Early Access ‘Subsiege’ Blends RTS and MOBA in the Hope of Being the Next Big Thing

The best way to describe Subsiege would be a mash up between an RTS and a MOBA.

It’s a surreal experience, and one that takes a little getting used to. When I first launched the game I expected to be building bases and sending out raiding parties like a sub-sea Starcraft variant. If you dived straight into a match you’d be forgiven for expecting that you’d soon be sending out throngs of units to pester your opposition, but in reality you end up with a relatively small squad, with the game being fairly simplistic in nature – at least in its current early access state.


In terms of gameplay, it’s hard to make an accurate judgement as with my time with the game so far, I’ve not managed to find a multiplayer match, which is disappointing considering this is a solely online game. All I have to go on is the tutorial (which, by the way, is pretty great at explaining Subsiege‘s core mechanics, despite being voiced by what I hope is a placeholder text-to-speech emulator) and a few bot games. It is certainly reassuring though to read comments about groups of friends who had had a great time playing against one another, in both solo and team matches.

The core principal of each game is essentially to collect resources from nearby respawning gems for basic ships, then upgrade them (or buy more premium ships) after capturing a nearby control rig, which slowly accrues you a more premium gas resource while you control it. You can currently control up to six different ships, each one in the category of damage, protect, disable, or support.

What makes Subsiege matches more challenging however is the addition of the ‘oxygen’ resource. Your oxygen level slowly depletes while you are playing, and can only be replaced by defeating enemies and collecting canisters off the floor. This mechanic changes the game entirely. Instead of sitting in your base until you build up an unstoppable fleet, you are forced to go searching for fights or scavenging for pick-ups; if your oxygen level reaches zero, you straight up lose the game. I personally liked it, as it made the experience a little more intense, but I can see the mechanic not gelling well with some players, especially as you’re not always sure how long it’ll take to reach an opponent. A mistimed trip when you’re close to an empty oxygen tank can mean an early defeat and a bitter taste in your mouth.

Subsiege handles fairly well, but my main gripe was with the pathing. Ask any Dota or League of Legends player and they will tell you how important auto-pathing is in top-down competitive MOBA games, and how tricky it is to get right. On the map there are ‘trenches’ which house a large monster that will instant-kill your ships if they’re caught in a quickly telegraphed radius. More than once I was trying to micromanage my fleet only to find that for some reason half my squad had decided to run right into the trench as it was a quicker route, meaning I lost half of my units. Hopefully it’s something that will be improved upon in a later patch; in its current state, it’s a certain rage-quittable offence.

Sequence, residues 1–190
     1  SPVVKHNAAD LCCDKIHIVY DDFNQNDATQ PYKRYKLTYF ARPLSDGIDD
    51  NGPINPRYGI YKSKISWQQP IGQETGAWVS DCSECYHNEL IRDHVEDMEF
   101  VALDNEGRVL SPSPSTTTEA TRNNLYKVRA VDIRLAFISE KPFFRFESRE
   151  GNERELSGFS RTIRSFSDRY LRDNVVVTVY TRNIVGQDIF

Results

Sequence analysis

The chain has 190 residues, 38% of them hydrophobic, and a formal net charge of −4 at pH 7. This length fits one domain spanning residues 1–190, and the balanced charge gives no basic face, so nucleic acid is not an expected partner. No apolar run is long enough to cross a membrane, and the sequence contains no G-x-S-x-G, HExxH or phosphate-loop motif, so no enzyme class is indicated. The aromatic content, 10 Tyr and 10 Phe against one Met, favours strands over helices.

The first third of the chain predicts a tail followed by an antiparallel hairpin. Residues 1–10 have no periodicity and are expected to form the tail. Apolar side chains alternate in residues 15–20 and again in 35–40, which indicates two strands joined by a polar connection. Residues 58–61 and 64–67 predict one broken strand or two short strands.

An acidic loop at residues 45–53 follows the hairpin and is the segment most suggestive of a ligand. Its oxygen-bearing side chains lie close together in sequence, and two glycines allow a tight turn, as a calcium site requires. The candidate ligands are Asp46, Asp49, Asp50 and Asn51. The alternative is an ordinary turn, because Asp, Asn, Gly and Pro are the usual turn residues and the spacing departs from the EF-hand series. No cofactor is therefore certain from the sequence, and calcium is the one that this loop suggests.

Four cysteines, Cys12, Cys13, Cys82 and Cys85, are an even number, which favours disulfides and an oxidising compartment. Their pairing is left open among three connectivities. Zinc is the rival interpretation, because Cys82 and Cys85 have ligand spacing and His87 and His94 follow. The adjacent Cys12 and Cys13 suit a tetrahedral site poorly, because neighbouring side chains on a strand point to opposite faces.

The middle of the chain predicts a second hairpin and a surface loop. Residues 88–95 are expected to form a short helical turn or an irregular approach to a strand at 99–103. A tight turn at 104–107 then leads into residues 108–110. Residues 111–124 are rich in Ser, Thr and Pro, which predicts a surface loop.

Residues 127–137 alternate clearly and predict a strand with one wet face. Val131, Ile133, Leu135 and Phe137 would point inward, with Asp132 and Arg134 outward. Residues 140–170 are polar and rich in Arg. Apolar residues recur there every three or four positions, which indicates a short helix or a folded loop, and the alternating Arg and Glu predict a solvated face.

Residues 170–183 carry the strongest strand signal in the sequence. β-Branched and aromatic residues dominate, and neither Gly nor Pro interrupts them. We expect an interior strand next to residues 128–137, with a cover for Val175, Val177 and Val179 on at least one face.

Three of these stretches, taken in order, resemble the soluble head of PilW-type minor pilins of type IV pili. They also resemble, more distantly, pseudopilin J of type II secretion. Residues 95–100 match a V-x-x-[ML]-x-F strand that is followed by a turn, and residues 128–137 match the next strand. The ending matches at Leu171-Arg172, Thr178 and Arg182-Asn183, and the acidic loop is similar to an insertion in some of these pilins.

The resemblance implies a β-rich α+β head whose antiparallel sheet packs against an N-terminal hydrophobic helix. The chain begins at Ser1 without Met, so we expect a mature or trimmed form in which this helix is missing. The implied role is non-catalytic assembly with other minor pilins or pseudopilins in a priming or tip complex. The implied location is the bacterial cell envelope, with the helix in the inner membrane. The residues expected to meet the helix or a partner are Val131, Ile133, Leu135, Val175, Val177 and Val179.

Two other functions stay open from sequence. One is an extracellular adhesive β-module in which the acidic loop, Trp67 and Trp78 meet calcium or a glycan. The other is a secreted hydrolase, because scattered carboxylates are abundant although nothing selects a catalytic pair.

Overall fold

You mostly control your units in one block, and can cast one ability per ship from a hot-bar, which plays out much like a traditional MOBA. Abilities make a huge difference in fights, but ships don’t start out with them, meaning you have to collect resources and upgrade them back in base. It’s a bit clunky, but does mean you’re much more mobile, ensuring control your gas rigs to upgrade your crew.

The fights were fun, but they’re generally over pretty quickly because of the small squad size. If you lose all of your ships, it’s game over, even if you have resources to make more. Your base is invulnerable, but you can only make more ships if you have at least one left over and sitting in-base. Admittedly that makes fights more intense, but it’s an aspect I don’t like. I could easily see a trend emerging of keeping one ship held back in base (where it is invulnerable) and fighting with a smaller force to regain oxygen, but this feels fairly cheap. An easy fix would be for bases to be targetable, stopping any such cheesy tactics.

Graphically, Subsiege is actually really nice. While the screenshots on Steam were a bit exaggerated compared to what I experienced in-game at max settings, the devs have still managed to nail the underwater aesthetic, with colourful coral and plant life contrasting with the moody blue ocean floor. Abilities also look vibrant when cast, which is important in a competitive multiplayer game – but also just looks plain cool. The sound is also pretty good, though some of the voiced unit lines are a bit disjointed. Each type of ship has its own unique voice lines which add variety, but inevitably some are better performed than others.

Subsiege shows some potential, but I don’t see it becoming the next e-sport. It’s pretty obvious the developers want to see a scene develop for the game, with a league already set up for clans to participate in, but right now, I don’t see much potential for pro play, especially considering the current lack of player-base. I’d like to see more people picking up the game, but until the devs work out the kinks, I doubt they’ll find many sinking into the game, at least at its current £22.99/$29.99 price tag. 

Subsiege is available on Steam via Early Access.